I do think religion needs to be thoroughly criticized—you haven’t been reading Pharyngula for long if you think otherwise, and I thought I’d been quite careful to spell out that religion was a hate-amplifier in this situation—and I do think that Islam in particular needs to be taken down a peg or two (I only hesitate to say that because too many of our home-grown Christians would interpret it as approval for their sanctimony). I think some of those crowd photos show a deeply evil mindset at work.

But here’s the thing, that liberal-lefty perspective: those Muslims are people. You know, human beings with needs and desires and families and aspirations, etc. We have to live with them, unless you’re calling for their extermination or banishment (and no, we aren’t. I hope.) They’ve got this horrible, evil idea of religion stuck in their heads, and the long-term solution is to educate them and imbed more secular ideals in their communities—my objection is that I don’t see that the Danish newspaper was trying to do that. A majority poking a minority with a sharp stick is not a confrontation or an argument. It’s just being mean and petty. It’s yet another kick when they’re down to a group of people who are already marginalized.

I’d be curious to know what solutions are being planned in Europe. Maybe someone who thinks a sign that says “Butcher those who mock Islam” is irredeemable and ought to be kicked out of the country, but I suspect, optimistically, that most of the Muslims in Denmark aren’t quite that far gone; are there any constructive ideas to weaken the grip of religious foolishness on immigrant populations? Or is it all going to be a process of clumsily beating them down with simple force? Maybe some of the Danish readers here can tell us what is going to be done (oh, and if the solution is to prohibit the mockery of religion by newspapers, I’m doubly against that: it violates free speech, and it doesn’t address the real source of the conflict at all.)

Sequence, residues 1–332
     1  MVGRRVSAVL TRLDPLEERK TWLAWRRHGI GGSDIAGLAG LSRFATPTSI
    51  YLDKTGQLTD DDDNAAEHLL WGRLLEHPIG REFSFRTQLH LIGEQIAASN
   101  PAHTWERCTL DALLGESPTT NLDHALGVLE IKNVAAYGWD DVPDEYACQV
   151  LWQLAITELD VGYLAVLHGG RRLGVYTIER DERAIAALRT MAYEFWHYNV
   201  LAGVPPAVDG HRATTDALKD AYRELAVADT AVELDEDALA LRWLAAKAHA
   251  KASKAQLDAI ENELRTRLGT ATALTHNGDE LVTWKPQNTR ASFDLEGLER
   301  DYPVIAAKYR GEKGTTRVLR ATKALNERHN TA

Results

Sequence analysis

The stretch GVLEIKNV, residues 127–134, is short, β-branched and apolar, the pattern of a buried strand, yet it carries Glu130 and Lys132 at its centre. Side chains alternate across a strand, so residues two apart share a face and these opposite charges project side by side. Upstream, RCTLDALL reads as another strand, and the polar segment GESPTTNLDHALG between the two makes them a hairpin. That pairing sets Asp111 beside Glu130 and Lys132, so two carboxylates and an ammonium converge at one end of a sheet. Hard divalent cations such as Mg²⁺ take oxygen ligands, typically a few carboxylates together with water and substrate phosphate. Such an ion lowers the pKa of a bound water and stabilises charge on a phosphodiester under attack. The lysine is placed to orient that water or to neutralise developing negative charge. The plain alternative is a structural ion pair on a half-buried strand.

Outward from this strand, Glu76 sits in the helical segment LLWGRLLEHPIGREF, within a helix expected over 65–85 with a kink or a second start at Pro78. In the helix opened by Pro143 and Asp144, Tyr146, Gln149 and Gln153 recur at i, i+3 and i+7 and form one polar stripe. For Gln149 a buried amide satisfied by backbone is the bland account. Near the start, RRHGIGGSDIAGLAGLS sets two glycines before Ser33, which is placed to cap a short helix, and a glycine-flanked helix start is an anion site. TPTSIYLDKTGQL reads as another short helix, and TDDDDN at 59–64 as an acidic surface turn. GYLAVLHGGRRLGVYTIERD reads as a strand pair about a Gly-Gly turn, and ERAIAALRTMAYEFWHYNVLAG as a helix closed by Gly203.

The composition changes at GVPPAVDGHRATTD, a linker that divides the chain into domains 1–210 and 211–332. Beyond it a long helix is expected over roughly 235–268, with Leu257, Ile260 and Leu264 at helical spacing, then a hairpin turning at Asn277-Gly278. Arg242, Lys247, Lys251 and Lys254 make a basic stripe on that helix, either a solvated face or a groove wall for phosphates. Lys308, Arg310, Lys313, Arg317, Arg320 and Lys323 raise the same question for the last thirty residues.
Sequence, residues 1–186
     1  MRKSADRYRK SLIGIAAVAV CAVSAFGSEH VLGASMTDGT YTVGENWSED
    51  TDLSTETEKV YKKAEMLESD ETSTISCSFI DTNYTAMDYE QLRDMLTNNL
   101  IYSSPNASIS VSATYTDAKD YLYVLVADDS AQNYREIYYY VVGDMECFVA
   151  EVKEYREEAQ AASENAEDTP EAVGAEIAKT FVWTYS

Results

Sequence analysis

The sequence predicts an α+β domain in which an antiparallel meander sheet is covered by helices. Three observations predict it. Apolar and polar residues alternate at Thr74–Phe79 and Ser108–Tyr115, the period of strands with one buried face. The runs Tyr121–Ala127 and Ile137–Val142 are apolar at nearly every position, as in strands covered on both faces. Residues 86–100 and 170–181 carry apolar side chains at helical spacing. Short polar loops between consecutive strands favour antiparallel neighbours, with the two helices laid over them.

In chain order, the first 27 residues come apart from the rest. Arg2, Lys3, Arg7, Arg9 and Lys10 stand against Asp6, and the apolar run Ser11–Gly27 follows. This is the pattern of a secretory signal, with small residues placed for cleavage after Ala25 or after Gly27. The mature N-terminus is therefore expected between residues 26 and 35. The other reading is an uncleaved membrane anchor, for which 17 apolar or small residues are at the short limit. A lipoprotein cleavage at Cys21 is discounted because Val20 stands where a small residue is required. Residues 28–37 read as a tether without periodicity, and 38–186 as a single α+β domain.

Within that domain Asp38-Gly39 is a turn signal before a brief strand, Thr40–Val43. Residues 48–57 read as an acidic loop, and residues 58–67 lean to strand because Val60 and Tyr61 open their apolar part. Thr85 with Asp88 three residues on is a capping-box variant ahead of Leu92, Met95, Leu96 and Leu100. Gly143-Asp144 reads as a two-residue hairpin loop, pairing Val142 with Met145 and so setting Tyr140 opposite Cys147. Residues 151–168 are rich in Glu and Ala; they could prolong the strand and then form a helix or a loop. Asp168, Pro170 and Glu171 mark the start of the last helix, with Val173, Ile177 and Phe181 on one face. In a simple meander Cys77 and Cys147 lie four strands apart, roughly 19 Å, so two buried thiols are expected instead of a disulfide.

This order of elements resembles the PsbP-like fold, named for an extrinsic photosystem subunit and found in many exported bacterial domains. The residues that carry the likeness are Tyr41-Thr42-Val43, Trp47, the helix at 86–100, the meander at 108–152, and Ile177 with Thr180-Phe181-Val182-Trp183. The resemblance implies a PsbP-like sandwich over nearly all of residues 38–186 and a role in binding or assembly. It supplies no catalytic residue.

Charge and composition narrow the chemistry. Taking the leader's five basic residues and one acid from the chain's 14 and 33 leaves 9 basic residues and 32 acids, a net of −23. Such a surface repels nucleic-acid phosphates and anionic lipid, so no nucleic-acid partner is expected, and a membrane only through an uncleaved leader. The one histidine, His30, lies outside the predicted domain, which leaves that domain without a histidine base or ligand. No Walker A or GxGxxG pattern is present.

I’m all for ripping into religion with wild abandon. I just think it’s obvious, though, that there is another dimension to this problem than simply the god business, and too many of us are ignoring the human/social issue to blame only a convenient religious handle on the riots.

Poor Superman


So, the Bush administration is going to try and be pro-science. Here we go.

In October 2005, Mr. Deutsch sent an e-mail message to Flint Wild, a NASA contractor working on a set of Web presentations about Einstein for middle-school students. The message said the word “theory” needed to be added after every mention of the Big Bang.

The Big Bang is “not proven fact; it is opinion,” Mr. Deutsch wrote, adding, “It is not NASA’s place, nor should it be to make a declaration such as this about the existence of the universe that discounts intelligent design by a creator.”

It continued: “This is more than a science issue, it is a religious issue. And I would hate to think that young people would only be getting one-half of this debate from NASA. That would mean we had failed to properly educate the very people who rely on us for factual information the most.”

Deutsch is 24 years old, having just graduated with a bachelor’s degree in journalism a few years ago. As a reward for being a loyal Republican party apparatchik, he has been generously appointed to be a Political Officer enforcing doctrine over a bunch of high-falutin’ rocket scientists. Shades of Lysenko!

It must have been a heady feeling to have the power to dictate ideology to a lot of scientists with Ph.D.s.